# Bounded set (topological vector space)

(Redirected from Von Neumann bounded)

In functional analysis and related areas of mathematics, a set in a topological vector space is called bounded or von Neumann bounded, if every neighborhood of the zero vector can be inflated to include the set. Conversely a set that is not bounded is called unbounded.

Bounded sets are a natural way to define a locally convex polar topologies on the vector spaces in a dual pair, as the polar of a bounded set is an absolutely convex and absorbing set. The concept was first introduced by John von Neumann and Andrey Kolmogorov in 1935.

## Definition

Given a topological vector space (X,τ) over a field F, S is called bounded if for every neighborhood N of the zero vector there exists a scalar α such that

${\displaystyle S\subseteq \alpha N}$

with

${\displaystyle \alpha N:=\{\alpha x\mid x\in N\}}$.

This is equivalent[1] to the condition that S is absorbed by every neighborhood of the zero vector, i.e., that for all neighborhoods N, there exists t such that

${\displaystyle |\alpha |\geq t\Rightarrow S\subseteq \alpha N}$.

Bounded subsets of a topological vector space over the real or complex field can also be characterized by their sequences, for S is bounded in X if and only if for all sequences (cn) of scalars converging to 0 and all (similarly-indexed) countable subsets (xn) of S, the sequence of their products (cn xn) necessarily converges to zero in X.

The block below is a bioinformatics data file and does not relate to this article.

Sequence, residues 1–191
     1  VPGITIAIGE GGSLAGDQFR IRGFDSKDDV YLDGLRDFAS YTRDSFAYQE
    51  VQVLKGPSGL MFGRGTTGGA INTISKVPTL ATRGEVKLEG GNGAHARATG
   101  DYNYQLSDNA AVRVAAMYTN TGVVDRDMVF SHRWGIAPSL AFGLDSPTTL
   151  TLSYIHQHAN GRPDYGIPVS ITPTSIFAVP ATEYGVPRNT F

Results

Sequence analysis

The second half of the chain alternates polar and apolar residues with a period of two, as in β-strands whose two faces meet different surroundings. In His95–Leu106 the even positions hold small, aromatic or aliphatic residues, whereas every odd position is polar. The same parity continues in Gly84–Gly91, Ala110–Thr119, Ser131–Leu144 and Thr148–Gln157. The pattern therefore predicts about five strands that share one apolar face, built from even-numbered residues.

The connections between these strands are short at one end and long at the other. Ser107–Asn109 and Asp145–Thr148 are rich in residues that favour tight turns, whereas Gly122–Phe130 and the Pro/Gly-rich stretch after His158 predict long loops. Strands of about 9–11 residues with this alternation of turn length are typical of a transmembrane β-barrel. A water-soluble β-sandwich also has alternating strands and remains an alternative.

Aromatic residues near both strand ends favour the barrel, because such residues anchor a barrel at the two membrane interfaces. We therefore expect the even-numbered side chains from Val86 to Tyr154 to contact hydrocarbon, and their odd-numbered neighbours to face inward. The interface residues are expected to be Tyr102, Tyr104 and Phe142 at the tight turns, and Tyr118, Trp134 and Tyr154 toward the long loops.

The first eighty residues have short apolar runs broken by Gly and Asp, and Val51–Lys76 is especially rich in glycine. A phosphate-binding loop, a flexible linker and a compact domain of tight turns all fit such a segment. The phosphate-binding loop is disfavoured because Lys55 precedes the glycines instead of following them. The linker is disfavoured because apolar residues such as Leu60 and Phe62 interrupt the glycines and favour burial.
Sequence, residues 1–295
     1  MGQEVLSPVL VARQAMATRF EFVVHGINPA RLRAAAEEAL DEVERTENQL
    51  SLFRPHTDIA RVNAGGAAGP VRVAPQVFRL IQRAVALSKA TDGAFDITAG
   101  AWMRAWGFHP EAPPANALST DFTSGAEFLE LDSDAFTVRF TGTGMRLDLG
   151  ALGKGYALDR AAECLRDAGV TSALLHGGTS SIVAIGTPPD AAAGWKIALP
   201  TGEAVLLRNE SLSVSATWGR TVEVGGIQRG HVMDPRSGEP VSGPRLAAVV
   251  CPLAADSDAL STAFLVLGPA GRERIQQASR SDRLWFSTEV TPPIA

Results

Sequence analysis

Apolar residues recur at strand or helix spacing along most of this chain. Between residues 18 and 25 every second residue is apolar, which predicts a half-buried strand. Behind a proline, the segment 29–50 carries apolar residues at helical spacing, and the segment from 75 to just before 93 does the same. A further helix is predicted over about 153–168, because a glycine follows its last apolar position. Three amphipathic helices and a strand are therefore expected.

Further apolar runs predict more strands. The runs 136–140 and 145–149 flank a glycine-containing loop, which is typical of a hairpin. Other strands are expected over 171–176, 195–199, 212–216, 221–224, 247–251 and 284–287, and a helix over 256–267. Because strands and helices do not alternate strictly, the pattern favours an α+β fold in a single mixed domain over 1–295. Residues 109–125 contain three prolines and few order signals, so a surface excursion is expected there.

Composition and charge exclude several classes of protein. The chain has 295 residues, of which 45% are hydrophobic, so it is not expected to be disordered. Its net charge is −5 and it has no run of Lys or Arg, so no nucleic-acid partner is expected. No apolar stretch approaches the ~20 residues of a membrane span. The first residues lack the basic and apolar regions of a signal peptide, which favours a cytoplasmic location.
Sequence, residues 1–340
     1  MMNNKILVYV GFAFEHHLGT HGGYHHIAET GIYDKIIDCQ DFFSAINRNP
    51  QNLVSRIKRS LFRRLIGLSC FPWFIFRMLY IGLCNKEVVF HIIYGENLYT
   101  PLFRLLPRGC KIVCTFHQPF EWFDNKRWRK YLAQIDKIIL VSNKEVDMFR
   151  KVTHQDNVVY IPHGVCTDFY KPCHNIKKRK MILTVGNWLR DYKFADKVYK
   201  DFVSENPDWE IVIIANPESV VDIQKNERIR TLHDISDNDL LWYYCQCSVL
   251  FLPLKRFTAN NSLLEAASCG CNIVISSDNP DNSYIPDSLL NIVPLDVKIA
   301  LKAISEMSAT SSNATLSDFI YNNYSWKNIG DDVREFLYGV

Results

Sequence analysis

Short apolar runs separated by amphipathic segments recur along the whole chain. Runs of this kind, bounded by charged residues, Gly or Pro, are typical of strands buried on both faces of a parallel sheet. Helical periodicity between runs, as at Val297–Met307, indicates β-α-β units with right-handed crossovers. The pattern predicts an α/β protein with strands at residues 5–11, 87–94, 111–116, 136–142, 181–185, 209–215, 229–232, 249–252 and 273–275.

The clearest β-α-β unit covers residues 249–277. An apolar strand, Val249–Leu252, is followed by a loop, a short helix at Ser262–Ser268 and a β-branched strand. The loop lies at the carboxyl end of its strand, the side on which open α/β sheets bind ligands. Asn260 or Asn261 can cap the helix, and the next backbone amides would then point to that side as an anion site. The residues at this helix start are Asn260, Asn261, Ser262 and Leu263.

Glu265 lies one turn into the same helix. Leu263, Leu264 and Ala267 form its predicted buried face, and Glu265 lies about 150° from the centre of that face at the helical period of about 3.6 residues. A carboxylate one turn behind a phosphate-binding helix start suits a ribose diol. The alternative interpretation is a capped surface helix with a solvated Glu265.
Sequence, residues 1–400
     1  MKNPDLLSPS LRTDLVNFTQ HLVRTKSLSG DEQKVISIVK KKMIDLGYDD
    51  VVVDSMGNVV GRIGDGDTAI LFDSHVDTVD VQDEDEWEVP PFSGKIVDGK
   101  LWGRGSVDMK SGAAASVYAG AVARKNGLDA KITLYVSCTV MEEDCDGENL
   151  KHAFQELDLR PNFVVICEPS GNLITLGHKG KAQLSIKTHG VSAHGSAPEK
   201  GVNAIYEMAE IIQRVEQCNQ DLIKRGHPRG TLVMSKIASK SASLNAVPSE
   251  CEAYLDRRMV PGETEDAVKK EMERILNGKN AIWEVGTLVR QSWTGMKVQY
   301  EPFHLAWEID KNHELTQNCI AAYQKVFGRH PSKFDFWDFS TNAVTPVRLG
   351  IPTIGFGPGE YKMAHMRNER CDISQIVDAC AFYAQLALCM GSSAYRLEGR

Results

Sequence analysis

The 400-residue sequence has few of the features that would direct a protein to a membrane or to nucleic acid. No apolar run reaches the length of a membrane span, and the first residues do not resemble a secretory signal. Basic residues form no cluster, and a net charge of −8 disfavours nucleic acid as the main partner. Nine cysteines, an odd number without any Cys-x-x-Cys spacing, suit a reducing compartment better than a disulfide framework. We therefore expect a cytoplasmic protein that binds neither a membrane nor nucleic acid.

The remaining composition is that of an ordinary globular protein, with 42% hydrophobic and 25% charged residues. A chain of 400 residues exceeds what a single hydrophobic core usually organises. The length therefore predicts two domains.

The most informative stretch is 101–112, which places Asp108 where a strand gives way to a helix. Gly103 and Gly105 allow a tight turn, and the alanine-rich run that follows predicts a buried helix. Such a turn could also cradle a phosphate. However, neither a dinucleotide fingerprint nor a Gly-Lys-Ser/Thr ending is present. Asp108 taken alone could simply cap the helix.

In locally convex topological vector spaces the topology τ of the space can be specified by a family P of semi-norms. An equivalent characterization of bounded sets in this case is, a set S in (X,P) is bounded if and only if it is bounded for all semi normed spaces (X,p) with p a semi norm of P.

## Examples and nonexamples

• Every finite set of points is bounded
• The set of points of a Cauchy sequence is bounded, the set of points of a Cauchy net need not be bounded.
• Every relatively compact set in a topological vector space is bounded. If the space is equipped with the weak topology the converse is also true.
• A (non null) subspace of a Hausdorff topological vector space is not bounded

## Properties

• The closure of a bounded set is bounded.
• In a locally convex space, the convex envelope of a bounded set is bounded. (Without local convexity this is false, as the ${\displaystyle L^{p}}$ spaces for ${\displaystyle 0 have no nontrivial open convex subsets.)
• The finite union or finite sum of bounded sets is bounded.
• Continuous linear mappings between topological vector spaces preserve boundedness.
• A locally convex space is seminormable if and only if there exists a bounded neighbourhood of zero.
• The polar of a bounded set is an absolutely convex and absorbing set.
• A set A is bounded if and only if every countable subset of A is bounded

## Generalization

The definition of bounded sets can be generalized to topological modules. A subset A of a topological module M over a topological ring R is bounded if for any neighborhood N of 0M there exists a neighborhood w of 0R such that w A ⊂ N.